“Art of the Deal” Donnie Trump, real estate mogul, reality TV show host, sexual predator, con man, and eventually president, was the embodiment of this pillaging and marauding. To drive more nails into the coffin of the America that had done such a seduction number on his father, Akhtar confesses that his naïveté wouldn’t dissipate until long after graduation.

I wouldn’t see what Mary saw until I’d been witness to the untimely decline of a generation of colleagues exhausted by the demands of jobs that never paid them enough, drowning in debt to care for children riddled with disorders that couldn’t be cured; and the cousins — and the best friend from high school — who ended up in shelters or on the street, tossed out of houses they could no longer afford; and until the near-dozen suicides and overdoses of fortysomething childhood classmates in a mere space of three years; and the friends and family medicated for despair, anxiety, lack of affect, insomnia, sexual dysfunction; and the premature cancers brought on by the chemical shortcuts for everything from the food moving through our irritable bowels to the lotions applied to our sun-poisoned skins.

It does not sound like Akhtar is making any of this up, which is why the reader can be forgiven for taking this for a memoir, particularly when the son argues with the father over his support for Trump’s presidential campaign. There are things Ayad Akhtar apparently never knew about Dr. Sikander Akhtar’s belief system, which only surfaced in the ugly months leading up to November 2016,

That whites were lazy, and all they really cared about were weekends away and their summer vacations; that blacks didn’t like to pay their medical bills because they still had a slave’s mentality and saw the system as a master to be rebelled against; that women had a deeper understanding of life because they had to give birth and were built to suffer, which is also why they wouldn’t care that Trump said nasty things about them — they ultimately expected it; that Muslims were backward because the Quran was nonsense and the Prophet was a moron; that Jews were neurotic because their fathers didn’t know how to shut their wives up so the mothers drove the children crazy …

(You’ll have to read Woody Allen’s autobiography Apropos of Nothing to confirm that latter assertion — I’m kidding.)

I read Akhtar’s faux memoir with its natural companions on my desk for reference: How to Be a Muslim: An American Story by Haroon Moghul; The Good Immigrant, edited by Nikesh Shukla and Chimene Suleyman; Native Believer by Ali Eteraz; and This Muslim American Life: Dispatches from the War on Terror by Moustafa Bayoumi. In fact, we’re looking at an entire generation of writers who’ve come of age during and after 9/11, and who have been hindered in one way or another by the endless “War on Terror” and DHS/TSA airport tactics — the random searches that single out brown people with Arabic-sounding patronyms.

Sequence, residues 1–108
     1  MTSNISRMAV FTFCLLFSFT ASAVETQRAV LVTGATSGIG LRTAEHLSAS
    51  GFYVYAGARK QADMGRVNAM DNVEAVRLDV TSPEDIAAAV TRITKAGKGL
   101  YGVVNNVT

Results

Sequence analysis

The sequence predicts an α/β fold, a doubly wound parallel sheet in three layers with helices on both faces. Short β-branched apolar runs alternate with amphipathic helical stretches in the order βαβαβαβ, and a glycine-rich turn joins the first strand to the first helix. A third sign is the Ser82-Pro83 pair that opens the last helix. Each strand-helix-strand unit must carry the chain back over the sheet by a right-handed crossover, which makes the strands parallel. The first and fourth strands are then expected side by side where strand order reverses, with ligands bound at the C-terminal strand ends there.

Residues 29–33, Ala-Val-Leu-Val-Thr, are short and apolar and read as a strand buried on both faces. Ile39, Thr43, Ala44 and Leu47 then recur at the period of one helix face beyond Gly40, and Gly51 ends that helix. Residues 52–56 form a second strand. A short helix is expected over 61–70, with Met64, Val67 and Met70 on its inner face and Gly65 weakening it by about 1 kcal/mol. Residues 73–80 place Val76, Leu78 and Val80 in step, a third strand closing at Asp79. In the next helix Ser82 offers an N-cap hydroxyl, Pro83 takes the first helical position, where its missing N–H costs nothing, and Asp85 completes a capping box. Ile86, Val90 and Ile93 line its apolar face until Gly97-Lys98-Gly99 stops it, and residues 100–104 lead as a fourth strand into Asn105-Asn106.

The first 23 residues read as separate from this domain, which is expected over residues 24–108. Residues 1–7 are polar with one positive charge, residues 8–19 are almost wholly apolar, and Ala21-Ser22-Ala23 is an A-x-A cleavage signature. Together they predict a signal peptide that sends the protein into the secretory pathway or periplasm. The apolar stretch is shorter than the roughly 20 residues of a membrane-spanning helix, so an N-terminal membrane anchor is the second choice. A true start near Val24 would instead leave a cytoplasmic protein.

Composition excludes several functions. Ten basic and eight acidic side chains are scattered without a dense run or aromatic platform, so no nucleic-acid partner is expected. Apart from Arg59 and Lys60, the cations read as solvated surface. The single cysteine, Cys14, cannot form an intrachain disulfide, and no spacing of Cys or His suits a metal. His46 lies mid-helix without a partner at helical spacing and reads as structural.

As in Eteraz’s novel Native Believer and Rayyan Al-Shawaf’s When All Else Fails, the post-9/11 reality has made it even more difficult for Muslims to feel at home, such that the temptation to pass as a Christian is hard to pass up (Ayad Akhtar confesses that for months after 9/11 he wore a large crucifix as he walked around Manhattan). The USA Patriot Act, enacted soon after 9/11, was all the more reason for a brown person to look for a white mate, the better to blend in, as his character Amir does when he marries Emily in the play Disgraced. Reflecting on memories of his uncle Shafat, who converted to Christianity, Akhtar follows the logic of camouflage:

I saw suddenly revealed a wider perspective on the failure and threat of our lives as Muslims here in America, a failure and threat my uncle Shafat would eventually believe he could solve by adopting the Christian faith. You see, we — Muslims — lived in a Christian land. That’s how we saw it, at least in the families I knew. We lived in a Christian land, but we didn’t understand Christianity. We didn’t understand it; we didn’t respect it. We thought it a makeshift, misbegotten offspring of the Judaic creed, an aggrandized misinterpretation founded on an ontological absurdity: that God would need a son, and that that son — supposedly divine — could perish in the flesh at human hands. All this and its attendant obfuscations — the Holy Trinity, the Immaculate Conception, the shell game of transubstantiation — we took for silliness. But here was the paradox: in order to flourish in this new land, we had to adopt its Christian ways, ways that befuddled us and that we disdained, ways we saw reflected in almost every aspect of American life.

Akhtar continues:

[A]s much as I worried about my place in America as a Muslim—and yes, I had good reason to; all American Muslims did; that terrible day in September foreclosed our futures in this country for at least another generation — as much as it bothered me, as much as I felt a victim of what this nation had become for us, I, too, had participated in my own exclusion, willingly, still choosing, half a lifetime into my American life, to see myself as other.

And here we all are, in the present moment, watching the Trumpian vision play out, where the choices are stark: are you for the Archie Bunker world of meathead white privilege, or are you a citizen of the post-Obama multicultural reality in which nearly half the country now consists of immigrants and people of color, relegating white supremacy to Confederate statues and mobs carrying tiki torches? We live in both these worlds willy-nilly, but the banality of the evil that Trump and his minions have foisted on us all is that we are endlessly reminded of racism’s scourge, as nearly every day we learn of another incident of police brutality, or murder, while white men in baseball caps, armed with semi-automatic rifles, roam the streets and occupy state capitol buildings unmolested.

Akhtar returns several times to the aftermath of 9/11 and the killing of Osama bin Laden by US Navy Seals in Pakistan 10 years later. As an American Muslim, one’s situation is more precarious, and you don’t want to be accused of harboring terrorist sympathies, which has apparently been Akhtar’s bane. He writes that he’s asked “fairly often” how much of himself is in his work, and “whether I, too, felt a blush of pride on September 11, and, if so, whether I believe America deserved what it got; and finally, if I […] think that further Muslim attacks on America are likely. When they ask if the play is autobiographical, what people are really asking me about is my politics.”